Here’s one example: Our daughter, Rosanna, threw wild and outrageous temper tantrums that had proved quite successful for her with other foster families in getting what she wanted. After reading about this in her “telling” and seeing it firsthand, I cast my mind back to Beth’s growing-up-years and simply did things backward. The next time Rosanna wanted something, like chocolate before dinner, and I said “no,” I had a plan. As soon as Rosanna began to scream and stamp her feet, I gently carried her into her room. I told her that she was safe here and that she could scream as long and as loud as she wanted to. Then I stepped out of her room and closed the door. When she screamed, I responded “louder.” She indeed screamed louder, and louder, for a good 20 minutes [the kid has stamina, that’s for sure!], until she fell asleep and silence took over. Forty-five minutes later she walked into the kitchen, hungry as a bear, with not a care in the world.

We all ate, cleared the table, and moved into the living room. But, before we turned on the TV, I told her we needed to go back. Go back to an hour ago, and talk about the tantrum. She wasn’t too happy about this. It took time, but she did learn how to go back and not only recall, but verbalize, how she felt, why she felt that way, and what she really wanted.

At seven years of age, some of this was way beyond her understanding and ability, but I consistently asked the same questions. Sometimes we revisited the same tantrum two or three times over the course of a week or a month. Eventually we would talk about expected behavior and expected outcomes, and about feelings and wants vs. needs. She quickly understood that she could scream as long and as loud as she wanted while in her room, and did it a few more times, but then the novelty wore off and she realized that the results were nothing like she wanted. The tantrums started decreasing in frequency and intensity until they became almost non-existent.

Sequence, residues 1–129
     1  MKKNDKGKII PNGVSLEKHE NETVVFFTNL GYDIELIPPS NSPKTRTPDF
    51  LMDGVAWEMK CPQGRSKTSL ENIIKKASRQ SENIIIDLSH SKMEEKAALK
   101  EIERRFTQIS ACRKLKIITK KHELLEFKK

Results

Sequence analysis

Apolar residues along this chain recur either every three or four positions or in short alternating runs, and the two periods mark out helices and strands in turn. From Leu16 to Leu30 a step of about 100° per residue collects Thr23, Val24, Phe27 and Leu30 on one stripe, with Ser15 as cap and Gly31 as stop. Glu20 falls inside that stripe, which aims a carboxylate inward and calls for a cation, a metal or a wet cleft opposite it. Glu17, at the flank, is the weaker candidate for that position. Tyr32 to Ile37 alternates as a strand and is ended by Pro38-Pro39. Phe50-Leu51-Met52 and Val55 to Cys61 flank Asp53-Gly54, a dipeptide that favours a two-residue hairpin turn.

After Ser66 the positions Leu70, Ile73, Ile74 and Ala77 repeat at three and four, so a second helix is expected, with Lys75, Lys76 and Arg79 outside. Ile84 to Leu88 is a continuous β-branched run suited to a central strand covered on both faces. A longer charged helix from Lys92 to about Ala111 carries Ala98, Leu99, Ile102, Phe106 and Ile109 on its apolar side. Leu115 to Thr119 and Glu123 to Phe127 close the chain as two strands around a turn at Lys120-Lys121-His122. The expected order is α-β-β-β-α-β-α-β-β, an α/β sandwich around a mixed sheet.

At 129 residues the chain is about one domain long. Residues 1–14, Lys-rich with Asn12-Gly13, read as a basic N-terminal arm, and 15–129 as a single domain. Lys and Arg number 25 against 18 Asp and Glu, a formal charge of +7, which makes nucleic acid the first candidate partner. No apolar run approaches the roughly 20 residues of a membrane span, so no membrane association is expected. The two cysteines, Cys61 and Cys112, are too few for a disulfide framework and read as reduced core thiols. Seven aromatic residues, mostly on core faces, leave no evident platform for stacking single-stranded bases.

The true issue that I needed to recognize and talk to her about was “disappointment.” It was her underlying demon, if you will. She’s 14 now, and we continue to work on it, but she is thriving and handling disappointment so much better today. It took a long time to accomplish this. We had to go back many times, not just to the incident, but sometimes all the way back to the age when I felt she had first been grievously disappointed.

Rosanna and I had many talks about what we thought she could possibly know and ultimately miss about her birth mother, after having been removed from her at the age of only six months. As an infant, Rosanna would have known her mother’s voice, heartbeat, scent, touch and perhaps even her moods, both good and bad. Then we explored the idea that Rosanna could have missed the way her mother held her, cradled her, rocked her, and possibly even shook or ignored her. These are real possibilities, as she was removed from her mother’s care for definite reasons. We explored all of this as possible reason behind her actions, behind the temper tantrums she’d been throwing since before she could remember. Then we began figuring out how she could put what she was feeling into words. “I feel disappointed that I can’t have chocolate right now.” “I feel angry that my brother ate the last tortilla.” “I am scared to be alone.” “Who will teach me how to cook?”

Once we started walking together in this direction, things began to change. Sometimes you have you let children catch up to their age, but sometimes you have to go back to an earlier emotional age in order to find that missing piece. And I can honestly say that this is one piece has been successfully slipped into place in Rosanna’s increasingly solid tower.


MICHAEL SERRA, an artist and writer, is a father of three (and grandfather of two) who lives with his family in San Diego, California.